Food and Cooking Collection

[This post comes from intern Brittany Boynton and is part of our 2013 North Carolina Archives Week celebration.]

Food and Cooking Collection


Hi. My name is Brittany Boynton. I attend North Carolina Central University where I am working on my master’s degree in library science. I am currently working as an intern for the State Archives of North Carolina as part of my coursework. My internship consists of building the Food and Cooking Collection to support the 2013 North Carolina Archives Week theme of “Home Grown! A Celebration of N.C. Food Culture and History.” As part of my internship, I locate items on the topic of food and cooking in the collections at the State Archives. I also scan the items to create digital images and create the metadata for each of the items.
The Beginning

Trademark Application: New Prague Flouring Mill Company

Trademark Application: New Prague Flouring Mill Company, part of the Food and Cooking Collection in the North Carolina Digital Collections. Click on the image to see the original.

The Food and Cooking Collection for the State Archives of North Carolina was just an idea a little over two months ago. The beginning of the collection started a lot like most hidden object games. I asked questions about the types of items that were to make up the collection. I started with the private collections at the suggestion of Francesca Perez and Ashley Yandle in order to find handwritten recipe books and vintage cookbooks. I went through a good portion of the collections that had been indexed as having recipes or cookbooks within the collection. The interesting thing about the private collections is that the collections also contain letters, poems, and journals. A lot of the letters and journals contained the details of the writers’ lives, and on occasion a recipe would be amongst the day-to-day musings and correspondence. A few collections even contained full recipe books, which were called “receipt books.” Two books were published books, which definitely showed their age, but did not have any of the fun marginalia that is usually found in old books. After finding a few items of interest, I began scanning the materials. Thanks to a very fast book scanner, I was able to scan full books in a matter of hours rather than days. After scanning the recipe books that I found, I created the metadata. Creating the metadata was interesting.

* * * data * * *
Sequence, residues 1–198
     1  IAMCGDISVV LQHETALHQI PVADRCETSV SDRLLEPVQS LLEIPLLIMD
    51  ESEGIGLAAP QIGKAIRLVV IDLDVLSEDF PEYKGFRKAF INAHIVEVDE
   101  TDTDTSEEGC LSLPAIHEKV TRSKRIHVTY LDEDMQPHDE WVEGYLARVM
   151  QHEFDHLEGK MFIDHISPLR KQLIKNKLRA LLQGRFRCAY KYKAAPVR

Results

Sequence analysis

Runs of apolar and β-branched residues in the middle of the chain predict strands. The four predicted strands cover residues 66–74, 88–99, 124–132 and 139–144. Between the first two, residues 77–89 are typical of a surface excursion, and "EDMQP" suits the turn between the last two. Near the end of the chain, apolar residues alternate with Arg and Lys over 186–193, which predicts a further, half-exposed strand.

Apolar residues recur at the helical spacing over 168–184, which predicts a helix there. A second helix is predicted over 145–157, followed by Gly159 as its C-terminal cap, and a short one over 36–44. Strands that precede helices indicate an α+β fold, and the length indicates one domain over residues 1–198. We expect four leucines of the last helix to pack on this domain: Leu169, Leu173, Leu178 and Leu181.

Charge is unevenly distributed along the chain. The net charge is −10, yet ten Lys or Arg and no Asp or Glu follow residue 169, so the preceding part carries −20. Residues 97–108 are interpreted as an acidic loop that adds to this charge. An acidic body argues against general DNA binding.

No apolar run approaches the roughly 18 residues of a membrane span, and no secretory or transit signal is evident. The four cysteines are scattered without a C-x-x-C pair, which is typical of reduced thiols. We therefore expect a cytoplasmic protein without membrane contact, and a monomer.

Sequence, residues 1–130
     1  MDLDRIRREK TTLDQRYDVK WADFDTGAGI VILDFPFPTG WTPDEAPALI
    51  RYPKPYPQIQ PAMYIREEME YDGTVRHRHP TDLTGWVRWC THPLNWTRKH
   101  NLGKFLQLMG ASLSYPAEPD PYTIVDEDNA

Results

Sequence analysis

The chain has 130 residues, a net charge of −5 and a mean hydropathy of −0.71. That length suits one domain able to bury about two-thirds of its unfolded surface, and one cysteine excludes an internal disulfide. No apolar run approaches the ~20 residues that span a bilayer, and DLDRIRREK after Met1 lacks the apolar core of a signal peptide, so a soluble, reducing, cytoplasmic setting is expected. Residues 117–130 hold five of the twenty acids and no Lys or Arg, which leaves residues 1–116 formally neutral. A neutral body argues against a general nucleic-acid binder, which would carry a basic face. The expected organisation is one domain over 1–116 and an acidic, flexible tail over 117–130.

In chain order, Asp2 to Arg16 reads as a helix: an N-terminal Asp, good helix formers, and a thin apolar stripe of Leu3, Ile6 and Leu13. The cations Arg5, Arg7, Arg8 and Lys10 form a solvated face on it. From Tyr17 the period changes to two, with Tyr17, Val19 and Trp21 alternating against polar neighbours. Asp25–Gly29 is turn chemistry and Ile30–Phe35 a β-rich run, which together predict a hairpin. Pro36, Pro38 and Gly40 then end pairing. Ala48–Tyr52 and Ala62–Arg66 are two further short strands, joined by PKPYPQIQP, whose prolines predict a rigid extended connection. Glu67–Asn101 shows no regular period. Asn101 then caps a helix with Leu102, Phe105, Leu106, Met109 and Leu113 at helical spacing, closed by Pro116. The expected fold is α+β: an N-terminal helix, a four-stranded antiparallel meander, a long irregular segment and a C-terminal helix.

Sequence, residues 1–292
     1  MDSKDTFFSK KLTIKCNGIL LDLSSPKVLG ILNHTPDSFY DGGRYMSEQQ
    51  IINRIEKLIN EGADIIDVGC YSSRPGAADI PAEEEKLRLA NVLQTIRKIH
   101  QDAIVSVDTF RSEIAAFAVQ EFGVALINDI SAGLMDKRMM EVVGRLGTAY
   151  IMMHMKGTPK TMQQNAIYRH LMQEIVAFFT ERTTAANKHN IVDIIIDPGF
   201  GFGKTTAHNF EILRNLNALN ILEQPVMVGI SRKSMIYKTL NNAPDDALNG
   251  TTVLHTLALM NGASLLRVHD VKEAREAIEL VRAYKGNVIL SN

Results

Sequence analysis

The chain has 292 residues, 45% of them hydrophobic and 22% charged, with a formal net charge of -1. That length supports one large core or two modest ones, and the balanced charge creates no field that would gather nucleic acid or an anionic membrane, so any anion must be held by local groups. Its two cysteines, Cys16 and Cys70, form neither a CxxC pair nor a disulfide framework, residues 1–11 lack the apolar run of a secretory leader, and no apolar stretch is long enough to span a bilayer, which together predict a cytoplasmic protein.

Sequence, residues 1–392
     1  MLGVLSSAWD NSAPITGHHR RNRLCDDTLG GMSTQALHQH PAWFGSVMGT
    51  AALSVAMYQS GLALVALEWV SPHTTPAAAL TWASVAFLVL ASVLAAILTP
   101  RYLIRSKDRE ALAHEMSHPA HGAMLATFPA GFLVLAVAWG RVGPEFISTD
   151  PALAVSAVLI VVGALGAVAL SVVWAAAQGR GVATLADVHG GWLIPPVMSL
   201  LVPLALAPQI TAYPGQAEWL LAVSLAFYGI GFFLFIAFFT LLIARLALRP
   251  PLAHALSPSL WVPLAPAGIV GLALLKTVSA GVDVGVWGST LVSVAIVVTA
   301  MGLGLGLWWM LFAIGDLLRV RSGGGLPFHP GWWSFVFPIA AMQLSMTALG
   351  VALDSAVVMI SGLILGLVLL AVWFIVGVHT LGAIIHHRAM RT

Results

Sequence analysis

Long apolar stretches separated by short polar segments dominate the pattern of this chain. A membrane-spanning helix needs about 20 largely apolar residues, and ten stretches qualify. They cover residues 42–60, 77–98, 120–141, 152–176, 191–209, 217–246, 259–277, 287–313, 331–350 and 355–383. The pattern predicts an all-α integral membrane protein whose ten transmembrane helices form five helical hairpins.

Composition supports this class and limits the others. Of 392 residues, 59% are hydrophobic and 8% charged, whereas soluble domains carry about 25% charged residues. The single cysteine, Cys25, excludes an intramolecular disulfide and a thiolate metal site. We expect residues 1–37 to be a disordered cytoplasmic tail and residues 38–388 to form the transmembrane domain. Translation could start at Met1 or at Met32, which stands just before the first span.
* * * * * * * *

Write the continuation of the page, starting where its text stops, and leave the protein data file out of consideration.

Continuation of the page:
The Middle

After creating the metadata for the recipe books, it was time to go back to the Search Room to find more items to add to the collection. This time it was suggested that I look through trademark applications. Going through trademark applications that have been filed in North Carolina has been a lot of fun; so far, I have looked through all of the applications from 1910 to 1928. A lot of the applications were for non-food related items, which I expected. The majority of the applications for food-related products was from flour mills and carbonated beverage companies. I was surprised by the amount of companies that were developing carbonated beverages during this time. I scanned and created metadata for some interesting trademarks as well. I am continuing to learn about creating metadata, which is more fun than I thought it would be.


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